What will our world look like in a hundred years? Tod Foley explores that question with a crew of fellow creatives collaborating on UbiquiCity, an anthology of sci-fi short stories that serves as a GameMaster’s sourcebook for role-playing games.
are hundreds, if not thousands, of hobbyists and non-programmers who make digital games outside of the games industry's model. There
of tools that
allow people to make and
distribute games without ever having written
a line of code and without
having to pass through publishers' gates. In years to
come, there will be a lot
The desire to find a higher purpose is the same desire that draws people to join cults. If an
individual is more inclined to lead than to follow, he can start his own
following. Although Strieber's case is extreme, it is also typical. Patterns laid down in childhood by
trauma and neglect lurk beneath all such pursuits, spiritual, political,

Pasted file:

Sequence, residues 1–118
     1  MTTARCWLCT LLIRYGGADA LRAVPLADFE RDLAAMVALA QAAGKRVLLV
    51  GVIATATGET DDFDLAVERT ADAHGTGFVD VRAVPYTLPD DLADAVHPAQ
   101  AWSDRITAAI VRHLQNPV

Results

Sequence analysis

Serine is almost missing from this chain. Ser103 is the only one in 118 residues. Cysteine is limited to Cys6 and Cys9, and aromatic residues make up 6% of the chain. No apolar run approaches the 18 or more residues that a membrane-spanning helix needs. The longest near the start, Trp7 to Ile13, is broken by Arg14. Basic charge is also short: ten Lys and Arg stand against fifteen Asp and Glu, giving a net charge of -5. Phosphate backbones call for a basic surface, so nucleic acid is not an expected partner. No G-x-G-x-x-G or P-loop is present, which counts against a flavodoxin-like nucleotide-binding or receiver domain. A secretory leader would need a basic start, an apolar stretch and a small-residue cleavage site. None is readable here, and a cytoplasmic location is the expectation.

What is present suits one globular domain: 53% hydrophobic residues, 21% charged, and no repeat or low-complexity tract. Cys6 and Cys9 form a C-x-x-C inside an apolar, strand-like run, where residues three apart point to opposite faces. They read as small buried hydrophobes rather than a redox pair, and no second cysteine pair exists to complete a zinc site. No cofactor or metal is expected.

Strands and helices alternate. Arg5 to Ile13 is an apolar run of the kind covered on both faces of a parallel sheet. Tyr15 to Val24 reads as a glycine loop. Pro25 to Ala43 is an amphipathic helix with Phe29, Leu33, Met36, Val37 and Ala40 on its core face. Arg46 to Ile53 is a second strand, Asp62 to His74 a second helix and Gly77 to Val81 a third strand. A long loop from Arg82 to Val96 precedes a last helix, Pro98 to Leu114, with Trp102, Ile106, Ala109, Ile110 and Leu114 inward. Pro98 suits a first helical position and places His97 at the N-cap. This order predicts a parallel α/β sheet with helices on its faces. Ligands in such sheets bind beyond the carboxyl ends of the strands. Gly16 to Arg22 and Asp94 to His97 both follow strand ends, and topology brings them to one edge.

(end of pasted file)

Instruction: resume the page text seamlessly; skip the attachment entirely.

artistic, sexual, or financial.
autonomous, self-managed, unalienated power of seamless creativity exists
alongside the old commodified spectacle until such time as it can subsume it
within its new means of creation. It is both science fiction and a business
plan, a utopian future and an almost exact description of sophisticated
spectacular business in the twenty-first century.
Perhaps it hit me when Time Magazine named their 2006 Person of the Year. You. It was so simple, so obvious. The decision must have been based largely on the runaway success of YouTube. Much else was changing about the ways we communicate and spend our free time and energy. But even that simple switch from passive to active media consumption was one that, I felt sure, would forever transform our society.
good times were behind us and we did it to ourselves: no one was to blame. Even
if culprits to this chaos could be identified, they were dead. The bullets and
bunkers and bank holdings did not save them for long. These previous symbols of
wealth proved totally worthless and non-negotiable for the one thing they
couldn't buy from the hard-working, country-dwelling, "pagans": food.